“Patients who helped with medical choices had higher bills: Let’s Analyze This!
by Dr. Bertalan Meskó on June 1, 2013
As a huge fan and supporter of e-patients who want to use digital technologies and the information they find online in their health management, I don’t like news articles speaking against them without explanations and data.
The healthcare social media community has been discussing a study that concluded patients who wanted to participate in medical decision making had higher bills. It might predict that e-patients will have higher bills as well. Let’s take a look at it:
Analyzing the data, the researchers found that nearly all — 96.3% — wanted to receive information about their illnesses and treatment options, but that only 28.9% said they had a strong preference for making their own decisions about their care.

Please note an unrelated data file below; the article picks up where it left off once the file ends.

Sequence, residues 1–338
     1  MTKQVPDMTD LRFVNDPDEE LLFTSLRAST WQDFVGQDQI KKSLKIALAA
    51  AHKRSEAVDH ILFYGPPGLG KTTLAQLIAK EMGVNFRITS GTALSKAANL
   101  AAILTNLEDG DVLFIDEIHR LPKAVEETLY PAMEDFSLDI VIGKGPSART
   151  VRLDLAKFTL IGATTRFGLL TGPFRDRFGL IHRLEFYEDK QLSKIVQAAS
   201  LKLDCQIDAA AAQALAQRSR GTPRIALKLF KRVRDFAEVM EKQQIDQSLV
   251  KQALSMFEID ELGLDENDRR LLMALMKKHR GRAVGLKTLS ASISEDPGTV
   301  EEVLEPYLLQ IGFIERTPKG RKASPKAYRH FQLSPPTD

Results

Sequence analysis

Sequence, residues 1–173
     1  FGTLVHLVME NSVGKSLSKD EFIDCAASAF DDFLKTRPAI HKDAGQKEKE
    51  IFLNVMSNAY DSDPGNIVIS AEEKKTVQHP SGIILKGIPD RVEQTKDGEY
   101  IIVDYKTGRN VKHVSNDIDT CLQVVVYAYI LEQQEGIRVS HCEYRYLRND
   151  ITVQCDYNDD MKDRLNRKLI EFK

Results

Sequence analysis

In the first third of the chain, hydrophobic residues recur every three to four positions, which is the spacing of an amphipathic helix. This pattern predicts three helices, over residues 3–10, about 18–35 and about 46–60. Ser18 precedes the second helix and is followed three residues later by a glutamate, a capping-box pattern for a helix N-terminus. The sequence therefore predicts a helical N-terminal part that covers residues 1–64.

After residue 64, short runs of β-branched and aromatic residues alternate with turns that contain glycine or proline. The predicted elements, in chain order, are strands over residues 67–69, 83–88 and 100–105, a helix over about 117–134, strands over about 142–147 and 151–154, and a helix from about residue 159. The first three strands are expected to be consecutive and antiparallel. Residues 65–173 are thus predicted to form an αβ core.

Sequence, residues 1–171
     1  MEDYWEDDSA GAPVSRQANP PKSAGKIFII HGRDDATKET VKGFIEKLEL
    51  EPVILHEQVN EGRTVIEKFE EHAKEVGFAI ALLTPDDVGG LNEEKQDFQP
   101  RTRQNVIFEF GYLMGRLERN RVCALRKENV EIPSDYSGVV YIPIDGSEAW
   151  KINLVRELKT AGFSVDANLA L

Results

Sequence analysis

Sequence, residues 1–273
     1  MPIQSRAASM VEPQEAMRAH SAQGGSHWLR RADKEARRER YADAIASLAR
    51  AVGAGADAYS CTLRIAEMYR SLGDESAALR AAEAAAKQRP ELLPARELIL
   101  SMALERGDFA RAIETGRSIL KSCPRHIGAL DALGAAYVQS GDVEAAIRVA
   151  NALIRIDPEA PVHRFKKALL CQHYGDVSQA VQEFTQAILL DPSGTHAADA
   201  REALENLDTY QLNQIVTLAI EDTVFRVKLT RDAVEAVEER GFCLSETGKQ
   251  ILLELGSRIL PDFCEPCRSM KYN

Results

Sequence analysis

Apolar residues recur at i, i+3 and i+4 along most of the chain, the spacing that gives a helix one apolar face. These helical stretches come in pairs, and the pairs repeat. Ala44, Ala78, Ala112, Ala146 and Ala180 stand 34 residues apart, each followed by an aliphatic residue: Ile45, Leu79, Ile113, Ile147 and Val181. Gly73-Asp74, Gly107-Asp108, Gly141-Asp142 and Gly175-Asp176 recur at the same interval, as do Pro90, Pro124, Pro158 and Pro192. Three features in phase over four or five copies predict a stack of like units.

Those patients had longer hospital stays, by about a quarter of a day on average, than patients who preferred let their doctors take the lead. They also had greater hospital costs ($865 more, on average.) By and large, people who were more likely to participate in medical decisions were better educated, and more likely to have private insurance coverage, than the rest of the patients who were surveyed.
You see? It says patients who had a strong preference for making their own decisions about their care. E-patients are partners with their doctors, not making medical decisions themselves alone. That’s the difference.”
This makes sense and should not be surprising. Discussion of the medical issues is patient engagement and leads to patients and physicians reinforcing decisions. Physicians are much less reticent to investigate further after discussing issues with the patient rather than just ordering tests without the patient’s understanding.